United for Respect
- 1 United Food and Commercial Workers
- 2 Support from Elizabeth Warren and Rosa DeLauro
- 3 Rise Up Retail
- 4 Camping outside of Walmart
- 5 Working for Respect: Community and Conflict at Walmart
- 6 Campaigns
- 7 Progressive Caucus Action Fund Session
- 8 Individuals Cited at United for Respect Website
- 9 National Leading From the Inside Out Alum
- 10 OURWalmart SF
- 11 Sued by Walmart
- 12 Black Friday protests, 2013
- 13 2012 Black Friday Protests
- 14 Wal-Mart Workers Try the Nonunion Route
- 15 References
Organization United for Respect at Walmart (United for Respect) is a 501(c)(4) non-profit organization created by the United Food and Commercial Workers union with funding from David Axelrod's consulting firm to co-opt Walmart and other retailers without having to unionize. It is also known as "OurWalmart".
According to their website, "We build power to take our fight for respect across the country and across different employers."
Andrea Dehlendorf was named as Co-Executive Director of United for Respect.
United Food and Commercial Workers
In June 2011, The New York Times reported that United for Respect received "a sizable sum" from the United Food and Commercial Workers, which "has also paid hundreds of its members to go door to door to urge Wal-Mart workers to join the group." Additionally, United for Respect received funding from "a consulting firm long associated with David Axelrod, President Obama’s top political strategist."
Support from Elizabeth Warren and Rosa DeLauro
on November 30, 2019, democratic presidential candidate Elizabeth Warren tweeted that she and Rosa DeLauro were pushing anti-retail legislation, in response to United for Respect's Jamie Pasqualetto's complaints about scheduling.
- "Retail, fast food, & other hourly workers deserve some basic fairness when it comes to scheduling shifts. That’s why my #SchedulesThatWork Act with @rosadelauro would end some of the very worst abuses that hurt workers & families. #FairWorkWeek"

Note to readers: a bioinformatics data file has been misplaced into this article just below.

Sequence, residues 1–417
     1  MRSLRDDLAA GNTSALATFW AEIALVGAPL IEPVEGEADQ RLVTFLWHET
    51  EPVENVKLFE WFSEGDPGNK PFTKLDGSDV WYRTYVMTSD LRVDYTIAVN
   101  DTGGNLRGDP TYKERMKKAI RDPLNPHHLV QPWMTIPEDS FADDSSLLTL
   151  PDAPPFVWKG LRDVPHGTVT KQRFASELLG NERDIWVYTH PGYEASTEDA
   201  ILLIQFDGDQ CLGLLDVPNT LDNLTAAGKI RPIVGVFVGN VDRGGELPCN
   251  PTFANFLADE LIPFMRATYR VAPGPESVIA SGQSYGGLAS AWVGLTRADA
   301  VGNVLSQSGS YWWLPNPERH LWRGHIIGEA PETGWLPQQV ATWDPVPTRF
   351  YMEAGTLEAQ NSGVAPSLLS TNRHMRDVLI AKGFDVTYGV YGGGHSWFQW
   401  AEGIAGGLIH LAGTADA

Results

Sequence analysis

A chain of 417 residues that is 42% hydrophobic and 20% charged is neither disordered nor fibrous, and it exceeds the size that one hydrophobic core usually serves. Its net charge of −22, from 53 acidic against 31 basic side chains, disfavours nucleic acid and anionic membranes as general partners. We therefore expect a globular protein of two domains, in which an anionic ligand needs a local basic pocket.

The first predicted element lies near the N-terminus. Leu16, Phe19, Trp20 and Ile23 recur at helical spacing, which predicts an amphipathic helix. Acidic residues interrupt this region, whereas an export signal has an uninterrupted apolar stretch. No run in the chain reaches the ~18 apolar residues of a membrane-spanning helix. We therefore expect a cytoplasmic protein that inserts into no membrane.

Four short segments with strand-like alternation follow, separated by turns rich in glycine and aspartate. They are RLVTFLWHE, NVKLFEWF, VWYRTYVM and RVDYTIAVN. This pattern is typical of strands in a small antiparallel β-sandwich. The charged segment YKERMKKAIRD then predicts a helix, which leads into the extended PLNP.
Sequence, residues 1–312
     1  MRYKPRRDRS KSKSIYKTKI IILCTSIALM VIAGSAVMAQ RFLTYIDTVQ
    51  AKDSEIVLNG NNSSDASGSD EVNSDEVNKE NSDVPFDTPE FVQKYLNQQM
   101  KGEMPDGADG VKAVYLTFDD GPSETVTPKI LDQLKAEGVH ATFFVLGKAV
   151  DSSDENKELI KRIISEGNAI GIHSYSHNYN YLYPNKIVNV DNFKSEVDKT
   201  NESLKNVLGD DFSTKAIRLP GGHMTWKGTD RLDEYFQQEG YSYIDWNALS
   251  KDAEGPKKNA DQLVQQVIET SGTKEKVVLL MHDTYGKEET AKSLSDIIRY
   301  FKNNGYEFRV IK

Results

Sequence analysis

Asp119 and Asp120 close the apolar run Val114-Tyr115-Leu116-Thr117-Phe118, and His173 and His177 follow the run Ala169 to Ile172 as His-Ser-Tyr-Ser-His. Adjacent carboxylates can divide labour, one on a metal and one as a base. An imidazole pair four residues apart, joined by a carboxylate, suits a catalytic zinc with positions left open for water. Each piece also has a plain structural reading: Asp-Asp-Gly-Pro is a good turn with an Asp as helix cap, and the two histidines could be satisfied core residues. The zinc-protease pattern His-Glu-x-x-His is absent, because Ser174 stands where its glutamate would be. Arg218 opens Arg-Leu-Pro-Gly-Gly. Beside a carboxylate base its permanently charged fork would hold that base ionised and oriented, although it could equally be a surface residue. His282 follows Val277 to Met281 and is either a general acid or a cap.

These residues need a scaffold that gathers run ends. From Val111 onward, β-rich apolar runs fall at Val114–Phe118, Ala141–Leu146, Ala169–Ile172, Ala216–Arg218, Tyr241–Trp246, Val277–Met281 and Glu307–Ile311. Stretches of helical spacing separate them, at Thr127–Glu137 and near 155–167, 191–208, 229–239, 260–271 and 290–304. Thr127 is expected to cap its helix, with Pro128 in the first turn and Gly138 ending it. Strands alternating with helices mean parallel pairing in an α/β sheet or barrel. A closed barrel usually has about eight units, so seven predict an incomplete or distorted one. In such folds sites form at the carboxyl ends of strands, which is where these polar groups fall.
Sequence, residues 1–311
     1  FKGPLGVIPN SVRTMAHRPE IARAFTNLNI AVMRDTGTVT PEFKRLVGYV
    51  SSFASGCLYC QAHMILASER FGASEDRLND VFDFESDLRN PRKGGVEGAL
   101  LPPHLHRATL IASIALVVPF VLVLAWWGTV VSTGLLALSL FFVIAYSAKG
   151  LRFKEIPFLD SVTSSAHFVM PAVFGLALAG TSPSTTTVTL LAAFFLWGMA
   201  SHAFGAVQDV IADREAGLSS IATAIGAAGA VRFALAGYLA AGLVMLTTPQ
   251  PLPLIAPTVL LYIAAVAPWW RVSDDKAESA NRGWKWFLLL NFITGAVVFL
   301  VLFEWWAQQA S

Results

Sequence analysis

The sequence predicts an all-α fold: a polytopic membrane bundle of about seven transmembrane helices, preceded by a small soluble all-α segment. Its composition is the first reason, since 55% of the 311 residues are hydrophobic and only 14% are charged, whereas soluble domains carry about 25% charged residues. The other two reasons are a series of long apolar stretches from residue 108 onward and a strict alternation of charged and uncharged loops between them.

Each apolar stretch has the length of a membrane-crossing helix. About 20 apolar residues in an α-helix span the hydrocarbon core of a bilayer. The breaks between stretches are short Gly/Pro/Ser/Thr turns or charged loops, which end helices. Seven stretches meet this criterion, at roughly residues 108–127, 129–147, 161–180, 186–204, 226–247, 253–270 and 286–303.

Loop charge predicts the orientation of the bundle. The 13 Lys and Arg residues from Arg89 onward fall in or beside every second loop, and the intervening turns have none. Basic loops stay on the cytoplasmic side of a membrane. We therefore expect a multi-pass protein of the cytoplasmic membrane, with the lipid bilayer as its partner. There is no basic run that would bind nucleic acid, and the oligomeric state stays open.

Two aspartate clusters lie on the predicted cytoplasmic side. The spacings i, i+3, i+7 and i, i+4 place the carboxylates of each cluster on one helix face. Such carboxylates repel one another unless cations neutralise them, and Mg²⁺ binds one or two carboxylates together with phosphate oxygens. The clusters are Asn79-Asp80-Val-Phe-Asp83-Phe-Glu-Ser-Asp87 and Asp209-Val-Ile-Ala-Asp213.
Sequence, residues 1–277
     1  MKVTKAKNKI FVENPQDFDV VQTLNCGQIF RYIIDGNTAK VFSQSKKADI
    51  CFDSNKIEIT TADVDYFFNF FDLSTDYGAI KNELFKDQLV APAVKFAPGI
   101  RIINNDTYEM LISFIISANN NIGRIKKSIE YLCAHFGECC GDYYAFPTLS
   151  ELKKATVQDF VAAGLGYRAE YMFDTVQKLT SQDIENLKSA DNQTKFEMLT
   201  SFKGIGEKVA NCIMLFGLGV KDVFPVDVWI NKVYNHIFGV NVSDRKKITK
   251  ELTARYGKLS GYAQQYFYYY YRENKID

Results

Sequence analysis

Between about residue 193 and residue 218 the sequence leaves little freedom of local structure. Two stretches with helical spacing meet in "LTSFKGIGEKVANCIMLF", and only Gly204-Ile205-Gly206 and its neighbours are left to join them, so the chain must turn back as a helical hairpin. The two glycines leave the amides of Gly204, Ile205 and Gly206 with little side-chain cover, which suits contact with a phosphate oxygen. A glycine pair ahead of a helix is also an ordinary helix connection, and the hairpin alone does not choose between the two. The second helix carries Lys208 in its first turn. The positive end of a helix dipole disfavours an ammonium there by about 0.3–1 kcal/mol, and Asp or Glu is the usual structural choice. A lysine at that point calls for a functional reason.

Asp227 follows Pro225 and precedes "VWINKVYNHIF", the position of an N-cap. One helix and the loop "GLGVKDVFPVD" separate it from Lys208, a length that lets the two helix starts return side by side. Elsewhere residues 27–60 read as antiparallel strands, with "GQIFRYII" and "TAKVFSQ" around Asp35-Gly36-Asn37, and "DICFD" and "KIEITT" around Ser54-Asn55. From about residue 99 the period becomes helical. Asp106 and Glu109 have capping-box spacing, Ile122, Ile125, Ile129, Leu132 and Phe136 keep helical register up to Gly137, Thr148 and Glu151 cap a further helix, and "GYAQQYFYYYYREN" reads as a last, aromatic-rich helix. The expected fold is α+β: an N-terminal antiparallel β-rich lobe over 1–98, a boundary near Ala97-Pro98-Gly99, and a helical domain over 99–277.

Rise Up Retail
A Vox article from Sept 28 2018 by Bryce Covert explained that "[T]he Rise Up Retail campaign is a melding of the Center for Popular Democracy, which is a nonprofit that advocates for a variety of workplace issues, and OUR (Organization United for Respect) Walmart, which is now going by OUR and branching out beyond the original retail behemoth. Most of the work consists of retail workers reaching out to other retail workers to organize and mobilize them, much of it done through social media."
Camping outside of Walmart
An article written by Mikhail Yakhnis titled "Labor union leader targets Walmart worker abuse" dated April 15, 2013 at the Cornell Chronicle describes the ongoing efforts by "labor advocates" to unionize:
- "With annual revenue approaching $450 billion and a global workforce of more than 2 million, Walmart has long been a target of labor advocates not only because of its status as the world’s largest employer but also due to persisting claims of worker mistreatment.
- "A greeter for Walmart, “in his 60s or 70s, had blood clots in his legs. When he asked the manager for a stool to sit on, he refused,” said Pat O’Neill, executive vice president of the United Food and Commercial Workers Union (UFCW) in his ILR School talk April 10. This prompted Angela Williamson, a former Walmart employee, to camp out in front of the store for three days in solidarity.